Milwaukee Residents Call for Police Chief Flynn to Resign

Calls for Milwaukee police Chief Edward Flynn to resign intensified as close to 400 people gathered for what turned out to be part film screening, part memorial service and part call to action in the wake of the death of Derek Williams.
by | September 28, 2012

A full range of emotions was on display and calls for Milwaukee police Chief Edward Flynn to resign intensified Thursday as close to 400 people gathered at the Milwaukee Brotherhood of Firefighters Hall for what turned out to be part film screening, part memorial service and part call to action in the wake of the death of Derek Williams. Williams, 22, died in police custody in July 2011.

Recently released squad video shows him suffocating and begging for help in the back seat of a police car as officers ignore his pleas for nearly eight minutes.

Officials at the police department, district attorney's office and the city's Fire and Police Commission all viewed the video months ago and concluded the officers involved did nothing wrong. All reopened their investigations after a Journal Sentinel investigation prompted the Milwaukee County medical examiner's office to change its ruling from natural death to homicide.

The video was released to the Journal Sentinel after 10 months of records requests and negotiations with the city. It was first posted Sunday on JSOnline.

People wept, hugged and shouted as the video was displayed on a large screen Thursday evening.

"They let him die! They can go to jail! They let him die like a dog!" audience members yelled before taking up a chant of, "No justice, no peace!"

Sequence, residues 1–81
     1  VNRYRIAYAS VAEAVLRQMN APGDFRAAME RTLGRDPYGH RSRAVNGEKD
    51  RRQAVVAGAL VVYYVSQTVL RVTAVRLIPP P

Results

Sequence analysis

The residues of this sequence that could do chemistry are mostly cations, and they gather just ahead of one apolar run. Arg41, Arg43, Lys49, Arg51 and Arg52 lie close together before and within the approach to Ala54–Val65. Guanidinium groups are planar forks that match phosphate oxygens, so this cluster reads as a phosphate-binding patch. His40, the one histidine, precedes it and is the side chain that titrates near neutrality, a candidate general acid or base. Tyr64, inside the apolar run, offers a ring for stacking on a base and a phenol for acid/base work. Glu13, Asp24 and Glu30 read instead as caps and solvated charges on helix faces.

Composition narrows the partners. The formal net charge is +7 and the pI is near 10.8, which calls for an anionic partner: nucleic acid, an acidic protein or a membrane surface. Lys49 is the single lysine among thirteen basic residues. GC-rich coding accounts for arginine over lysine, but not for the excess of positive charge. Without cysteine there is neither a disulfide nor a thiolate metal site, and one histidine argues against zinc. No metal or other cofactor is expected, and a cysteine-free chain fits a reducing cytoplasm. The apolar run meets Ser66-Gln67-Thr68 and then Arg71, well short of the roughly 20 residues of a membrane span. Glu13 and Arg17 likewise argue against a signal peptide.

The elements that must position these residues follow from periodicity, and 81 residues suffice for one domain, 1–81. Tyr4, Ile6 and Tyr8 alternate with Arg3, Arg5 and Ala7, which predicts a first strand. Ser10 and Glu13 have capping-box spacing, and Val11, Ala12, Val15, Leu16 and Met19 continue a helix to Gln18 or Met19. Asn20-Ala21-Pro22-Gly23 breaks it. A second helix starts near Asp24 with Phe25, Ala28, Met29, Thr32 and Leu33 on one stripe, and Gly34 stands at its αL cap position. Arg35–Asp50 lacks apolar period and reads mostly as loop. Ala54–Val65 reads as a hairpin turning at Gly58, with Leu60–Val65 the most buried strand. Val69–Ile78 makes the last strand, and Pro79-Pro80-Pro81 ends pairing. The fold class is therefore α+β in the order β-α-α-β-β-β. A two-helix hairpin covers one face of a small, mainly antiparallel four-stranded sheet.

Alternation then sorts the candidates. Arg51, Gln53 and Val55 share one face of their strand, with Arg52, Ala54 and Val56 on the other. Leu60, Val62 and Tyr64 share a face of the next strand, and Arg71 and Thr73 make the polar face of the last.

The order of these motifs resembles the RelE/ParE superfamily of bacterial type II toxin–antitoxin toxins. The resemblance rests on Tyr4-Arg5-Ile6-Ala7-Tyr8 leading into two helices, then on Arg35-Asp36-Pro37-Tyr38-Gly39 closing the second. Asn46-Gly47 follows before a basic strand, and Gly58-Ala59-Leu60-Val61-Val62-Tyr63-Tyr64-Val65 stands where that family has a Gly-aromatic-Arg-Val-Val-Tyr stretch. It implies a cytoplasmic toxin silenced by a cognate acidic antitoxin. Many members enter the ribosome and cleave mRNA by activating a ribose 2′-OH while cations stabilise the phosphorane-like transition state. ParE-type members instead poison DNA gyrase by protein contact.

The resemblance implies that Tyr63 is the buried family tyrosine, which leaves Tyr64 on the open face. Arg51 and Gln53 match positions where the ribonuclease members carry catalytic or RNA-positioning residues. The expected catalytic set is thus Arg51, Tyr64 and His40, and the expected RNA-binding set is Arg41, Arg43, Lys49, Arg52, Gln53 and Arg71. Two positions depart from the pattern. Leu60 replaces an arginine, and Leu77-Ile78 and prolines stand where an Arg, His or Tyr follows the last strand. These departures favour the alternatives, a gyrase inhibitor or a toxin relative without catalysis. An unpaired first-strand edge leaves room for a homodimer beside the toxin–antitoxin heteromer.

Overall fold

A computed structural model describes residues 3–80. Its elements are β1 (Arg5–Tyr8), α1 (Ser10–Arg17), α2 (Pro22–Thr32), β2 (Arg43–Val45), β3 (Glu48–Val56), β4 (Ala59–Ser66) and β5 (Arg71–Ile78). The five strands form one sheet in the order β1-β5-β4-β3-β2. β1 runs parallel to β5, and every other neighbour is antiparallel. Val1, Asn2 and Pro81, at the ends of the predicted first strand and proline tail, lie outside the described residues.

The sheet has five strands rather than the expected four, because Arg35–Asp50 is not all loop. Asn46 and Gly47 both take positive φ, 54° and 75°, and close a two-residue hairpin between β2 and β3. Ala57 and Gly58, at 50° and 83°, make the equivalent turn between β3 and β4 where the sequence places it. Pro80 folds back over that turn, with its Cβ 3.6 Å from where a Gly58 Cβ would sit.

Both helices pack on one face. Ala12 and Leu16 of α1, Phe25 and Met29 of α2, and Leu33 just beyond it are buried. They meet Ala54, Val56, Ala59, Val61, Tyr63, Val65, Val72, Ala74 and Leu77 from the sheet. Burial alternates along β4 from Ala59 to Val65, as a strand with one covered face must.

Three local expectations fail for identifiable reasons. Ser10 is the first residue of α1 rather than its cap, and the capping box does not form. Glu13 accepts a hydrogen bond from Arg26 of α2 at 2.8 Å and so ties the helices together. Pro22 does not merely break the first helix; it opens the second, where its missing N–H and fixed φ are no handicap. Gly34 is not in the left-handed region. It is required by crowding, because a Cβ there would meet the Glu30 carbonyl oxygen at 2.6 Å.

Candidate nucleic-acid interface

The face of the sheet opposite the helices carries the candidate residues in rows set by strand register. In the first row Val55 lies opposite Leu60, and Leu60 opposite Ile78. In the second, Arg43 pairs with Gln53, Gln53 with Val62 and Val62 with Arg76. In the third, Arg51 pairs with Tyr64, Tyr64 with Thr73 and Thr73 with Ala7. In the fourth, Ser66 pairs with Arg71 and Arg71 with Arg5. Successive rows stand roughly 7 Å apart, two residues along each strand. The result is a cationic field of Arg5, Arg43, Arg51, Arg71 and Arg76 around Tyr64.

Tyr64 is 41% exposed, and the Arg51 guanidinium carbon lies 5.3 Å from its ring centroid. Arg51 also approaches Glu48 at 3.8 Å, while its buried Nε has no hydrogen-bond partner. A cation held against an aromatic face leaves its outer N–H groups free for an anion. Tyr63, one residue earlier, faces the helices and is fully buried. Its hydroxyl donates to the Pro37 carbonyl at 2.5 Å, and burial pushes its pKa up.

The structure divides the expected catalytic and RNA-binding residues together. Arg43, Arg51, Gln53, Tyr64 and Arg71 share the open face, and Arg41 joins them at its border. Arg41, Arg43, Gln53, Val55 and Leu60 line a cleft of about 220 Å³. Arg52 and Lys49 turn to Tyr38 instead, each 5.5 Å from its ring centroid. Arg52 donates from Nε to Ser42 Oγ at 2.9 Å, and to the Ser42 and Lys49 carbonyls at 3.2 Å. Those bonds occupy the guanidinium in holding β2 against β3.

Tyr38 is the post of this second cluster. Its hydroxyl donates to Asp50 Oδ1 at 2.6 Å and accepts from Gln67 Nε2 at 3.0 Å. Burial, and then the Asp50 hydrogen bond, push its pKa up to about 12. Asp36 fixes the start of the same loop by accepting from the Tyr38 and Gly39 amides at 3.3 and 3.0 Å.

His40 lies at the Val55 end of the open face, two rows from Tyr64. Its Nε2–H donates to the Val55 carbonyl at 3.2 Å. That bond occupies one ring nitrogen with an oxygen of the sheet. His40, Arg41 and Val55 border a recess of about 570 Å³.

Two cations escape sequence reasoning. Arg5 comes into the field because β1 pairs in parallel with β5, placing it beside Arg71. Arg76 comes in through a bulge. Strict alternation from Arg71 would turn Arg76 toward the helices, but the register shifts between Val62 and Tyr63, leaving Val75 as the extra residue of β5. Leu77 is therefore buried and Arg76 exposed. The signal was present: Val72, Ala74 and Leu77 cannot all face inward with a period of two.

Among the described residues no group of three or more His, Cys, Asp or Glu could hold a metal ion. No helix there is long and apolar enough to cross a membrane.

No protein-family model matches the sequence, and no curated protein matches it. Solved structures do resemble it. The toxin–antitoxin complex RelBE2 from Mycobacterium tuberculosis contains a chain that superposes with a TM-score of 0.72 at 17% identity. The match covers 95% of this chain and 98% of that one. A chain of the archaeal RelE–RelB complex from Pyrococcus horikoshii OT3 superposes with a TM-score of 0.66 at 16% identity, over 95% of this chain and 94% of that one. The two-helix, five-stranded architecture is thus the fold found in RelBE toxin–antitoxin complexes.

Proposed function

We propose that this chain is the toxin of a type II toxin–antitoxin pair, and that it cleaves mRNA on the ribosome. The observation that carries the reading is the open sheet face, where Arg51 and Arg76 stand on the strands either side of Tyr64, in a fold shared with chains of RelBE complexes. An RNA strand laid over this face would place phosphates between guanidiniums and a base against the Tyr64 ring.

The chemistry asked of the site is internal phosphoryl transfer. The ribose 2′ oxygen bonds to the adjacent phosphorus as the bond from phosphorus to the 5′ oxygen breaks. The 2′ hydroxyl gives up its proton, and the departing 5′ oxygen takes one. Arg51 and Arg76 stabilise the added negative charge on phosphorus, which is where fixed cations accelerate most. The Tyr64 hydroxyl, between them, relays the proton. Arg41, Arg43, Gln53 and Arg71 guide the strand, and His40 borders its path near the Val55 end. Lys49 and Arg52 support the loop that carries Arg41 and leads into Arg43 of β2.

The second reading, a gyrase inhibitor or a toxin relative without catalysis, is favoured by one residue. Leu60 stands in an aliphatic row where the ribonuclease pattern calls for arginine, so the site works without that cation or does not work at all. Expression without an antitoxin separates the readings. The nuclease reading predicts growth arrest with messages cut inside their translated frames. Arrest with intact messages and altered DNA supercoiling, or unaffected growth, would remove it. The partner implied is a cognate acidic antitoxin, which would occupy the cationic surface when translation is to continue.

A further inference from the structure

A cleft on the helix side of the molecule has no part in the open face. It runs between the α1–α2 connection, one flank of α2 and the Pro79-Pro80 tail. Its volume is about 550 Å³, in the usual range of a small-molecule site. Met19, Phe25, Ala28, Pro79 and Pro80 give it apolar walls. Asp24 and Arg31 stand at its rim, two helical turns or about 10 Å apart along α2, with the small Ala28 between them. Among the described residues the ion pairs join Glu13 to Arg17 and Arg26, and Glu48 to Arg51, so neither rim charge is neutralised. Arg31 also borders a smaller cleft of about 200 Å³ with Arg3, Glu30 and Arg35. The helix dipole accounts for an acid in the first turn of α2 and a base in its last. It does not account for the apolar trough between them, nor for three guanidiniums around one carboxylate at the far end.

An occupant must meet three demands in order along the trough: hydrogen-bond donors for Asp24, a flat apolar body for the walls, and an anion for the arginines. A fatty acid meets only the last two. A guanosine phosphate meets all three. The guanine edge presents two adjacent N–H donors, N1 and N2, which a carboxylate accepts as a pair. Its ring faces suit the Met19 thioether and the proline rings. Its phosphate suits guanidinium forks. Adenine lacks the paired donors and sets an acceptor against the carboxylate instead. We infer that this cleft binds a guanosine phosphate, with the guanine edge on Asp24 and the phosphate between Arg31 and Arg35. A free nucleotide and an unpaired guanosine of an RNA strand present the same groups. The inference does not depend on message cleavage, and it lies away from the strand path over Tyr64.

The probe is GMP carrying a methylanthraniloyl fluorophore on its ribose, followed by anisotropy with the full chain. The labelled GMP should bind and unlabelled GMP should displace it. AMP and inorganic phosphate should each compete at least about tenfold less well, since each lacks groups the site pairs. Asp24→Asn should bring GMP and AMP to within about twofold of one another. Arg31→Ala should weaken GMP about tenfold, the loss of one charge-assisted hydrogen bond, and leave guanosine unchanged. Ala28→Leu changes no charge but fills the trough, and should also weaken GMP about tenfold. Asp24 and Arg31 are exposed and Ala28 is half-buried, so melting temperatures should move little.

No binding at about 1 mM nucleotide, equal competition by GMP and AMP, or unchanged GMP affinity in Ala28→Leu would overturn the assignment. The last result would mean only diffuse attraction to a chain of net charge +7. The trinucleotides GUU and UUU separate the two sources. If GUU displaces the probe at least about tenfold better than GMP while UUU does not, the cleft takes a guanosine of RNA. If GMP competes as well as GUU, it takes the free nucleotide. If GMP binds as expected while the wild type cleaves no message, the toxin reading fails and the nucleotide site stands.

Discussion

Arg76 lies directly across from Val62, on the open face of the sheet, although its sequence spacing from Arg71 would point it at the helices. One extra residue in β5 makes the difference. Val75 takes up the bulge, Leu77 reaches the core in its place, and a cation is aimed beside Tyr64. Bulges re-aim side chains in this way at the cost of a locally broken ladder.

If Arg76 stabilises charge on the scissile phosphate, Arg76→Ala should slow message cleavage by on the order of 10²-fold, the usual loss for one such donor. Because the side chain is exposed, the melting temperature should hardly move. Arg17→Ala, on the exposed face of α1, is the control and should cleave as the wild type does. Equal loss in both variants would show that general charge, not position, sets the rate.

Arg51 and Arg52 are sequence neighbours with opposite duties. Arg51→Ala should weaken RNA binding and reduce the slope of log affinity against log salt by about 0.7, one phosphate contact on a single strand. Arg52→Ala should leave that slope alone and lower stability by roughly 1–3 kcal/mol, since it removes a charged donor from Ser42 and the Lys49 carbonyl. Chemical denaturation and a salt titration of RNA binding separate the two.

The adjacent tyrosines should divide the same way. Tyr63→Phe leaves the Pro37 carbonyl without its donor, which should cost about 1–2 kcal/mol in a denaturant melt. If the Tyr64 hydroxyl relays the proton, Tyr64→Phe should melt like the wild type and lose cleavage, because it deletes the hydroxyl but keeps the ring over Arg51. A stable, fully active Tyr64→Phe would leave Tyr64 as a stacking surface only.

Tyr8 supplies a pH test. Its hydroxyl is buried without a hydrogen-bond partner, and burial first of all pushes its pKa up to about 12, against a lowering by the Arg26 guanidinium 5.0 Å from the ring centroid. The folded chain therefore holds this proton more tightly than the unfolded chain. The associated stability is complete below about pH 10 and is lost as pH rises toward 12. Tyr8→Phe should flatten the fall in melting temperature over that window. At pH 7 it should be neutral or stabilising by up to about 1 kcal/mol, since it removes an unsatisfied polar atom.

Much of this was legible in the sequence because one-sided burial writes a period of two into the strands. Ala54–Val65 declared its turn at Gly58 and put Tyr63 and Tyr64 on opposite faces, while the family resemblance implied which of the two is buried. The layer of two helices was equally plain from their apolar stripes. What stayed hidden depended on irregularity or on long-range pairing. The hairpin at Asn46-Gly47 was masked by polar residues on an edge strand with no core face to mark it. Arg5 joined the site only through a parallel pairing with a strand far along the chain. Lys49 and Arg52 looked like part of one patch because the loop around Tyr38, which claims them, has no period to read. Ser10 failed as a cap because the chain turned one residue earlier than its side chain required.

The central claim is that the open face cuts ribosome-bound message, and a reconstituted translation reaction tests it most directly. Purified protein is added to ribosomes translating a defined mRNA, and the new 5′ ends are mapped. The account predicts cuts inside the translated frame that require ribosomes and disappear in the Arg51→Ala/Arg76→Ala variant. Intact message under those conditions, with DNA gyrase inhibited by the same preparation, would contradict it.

The mother of Williams' three young children, Sharday Rose, said the video was a nightmare that forced her to relive her boyfriend's death every time she saw it.

"I want my kids to get some justice for their father," she said. "He shouldn't have died like he did." Williams' cousin, Lashawnda Shumpert, told the crowd she hoped the officers involved would be held accountable.

"Did Derek disrespect an officer?" she asked. "He did not even say a curse word. He called that officer 'Sir' until he took his last breath. I understand police had a job to do, but the evidence clearly shows the Milwaukee police did not do their job."

Among those calling for Flynn to resign was Jonathan Kanter, an associate professor of psychology at the University of Wisconsin-Milwaukee.

"We need to get rid of Police Chief Flynn. But that's not enough," he said to a raucous ovation and shouts of agreement. "We need a federal investigation of the pattern of civil rights abuses by the Milwaukee Police Department. But that's not enough. We need the individuals who displayed this reckless disregard for the life of Derek Williams Jr. to be brought to justice. We need to keep fighting until this cancer of racism . . . is gone from our community."

The Rev. Willie Brisco, president of MICAH, Milwaukee Inner City Congregations Allied for Hope, asked the crowd: "How many of you want to change police chiefs? Don't get angry, get engaged. I will go to the police department and demand change."